History, Normativity and Rights

Paul Patton

Research output: Chapter in Book/Report/Conference proceedingChapterpeer-review

3 Citations (Scopus)


Appeals to right have long been an especially potent form of social and political criticism. There is something compelling about defending certain ways of acting or ways of being treated as a matter of right. To say that someone has a right to something is to say that they have a particular kind of entitlement such that others, or governments, are under an obligation to provide it or at least not to prevent their obtaining it. For this reason, the appeal to rights has played an important role in the recent history of minority struggles. Activities and relationships associated with particular forms of life, such as non-European Indigenous ways of life or non-heterosexual relationships, are often defended as rights. This form of argument can be described as a strategy of universalization in the sense that it involves presenting the activities and interests of a particular group as consistent with the activities and interests of the polity as a whole. “Rights arguments do this: they restate the interests of the group as characteristics of all people.”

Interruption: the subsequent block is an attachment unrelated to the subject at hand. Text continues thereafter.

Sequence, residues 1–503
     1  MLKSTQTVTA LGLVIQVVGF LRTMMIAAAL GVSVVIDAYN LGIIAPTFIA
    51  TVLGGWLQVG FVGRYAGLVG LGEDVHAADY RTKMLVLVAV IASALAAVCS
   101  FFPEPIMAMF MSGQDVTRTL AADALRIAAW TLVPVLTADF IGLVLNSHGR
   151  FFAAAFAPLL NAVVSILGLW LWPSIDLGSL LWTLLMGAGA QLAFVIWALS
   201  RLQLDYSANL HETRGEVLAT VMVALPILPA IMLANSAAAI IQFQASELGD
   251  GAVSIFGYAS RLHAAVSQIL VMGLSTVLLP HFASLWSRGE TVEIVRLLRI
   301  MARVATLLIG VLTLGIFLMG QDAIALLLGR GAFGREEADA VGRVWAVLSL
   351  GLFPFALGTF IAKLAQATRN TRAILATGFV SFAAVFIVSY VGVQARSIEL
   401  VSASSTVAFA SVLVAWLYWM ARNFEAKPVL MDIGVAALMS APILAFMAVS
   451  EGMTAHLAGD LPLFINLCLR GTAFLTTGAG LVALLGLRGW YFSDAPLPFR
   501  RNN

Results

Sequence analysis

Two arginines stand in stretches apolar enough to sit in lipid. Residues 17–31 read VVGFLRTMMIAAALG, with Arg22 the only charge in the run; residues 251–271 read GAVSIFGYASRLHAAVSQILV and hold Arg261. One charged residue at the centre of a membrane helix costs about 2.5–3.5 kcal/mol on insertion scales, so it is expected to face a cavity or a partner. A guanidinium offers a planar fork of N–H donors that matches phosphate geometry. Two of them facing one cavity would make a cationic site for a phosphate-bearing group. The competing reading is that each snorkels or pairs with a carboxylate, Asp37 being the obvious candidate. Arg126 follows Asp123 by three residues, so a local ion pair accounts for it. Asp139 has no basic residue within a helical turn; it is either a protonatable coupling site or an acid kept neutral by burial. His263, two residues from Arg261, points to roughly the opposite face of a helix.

From a normative and political point of view, the appeal to rights has fallen out of favor for many on the left in recent years. A range of theoretical arguments and pragmatic political considerations has been taken to provide good reasons to abandon “rights-talk” and appeals to rights altogether. I focus on the theoretical arguments below, particularly those drawn from the work of Foucault and Deleuze. I will argue that, in different ways, they provide grounds for an alternative response to the criticism of rights that does not abandon rights altogether, but rather the received view of rights as universal and a-historical. A common thread running through the criticism of rights is acceptance of the universality of rights. Wendy Brown summarizes this received view of the notion of rights in suggesting that:

rights necessarily operate in and as an ahistorical, acultural, acontextual idiom: they claim distance from specific political contexts and historical vicissitudes, and they participate in a discourse of enduring universality rather than provisionality or partiality. Thus, while the measure of their political efficacy requires a high degree of historical and social specificity, rights operate as a political discourse of the general, the generic and universal.
Original languageEnglish
Title of host publicationThe Meanings of Rights
Subtitle of host publicationThe Philosophy and Social Theory of Human Rights
EditorsCostas Douzinas , Conor Gearty
Place of PublicationCambridge
PublisherCambridge University Press
Number of pages18
ISBN (Electronic)9781139227124
ISBN (Print)9781107679597, 9781107027855
Publication statusPublished - 2014
Externally publishedYes


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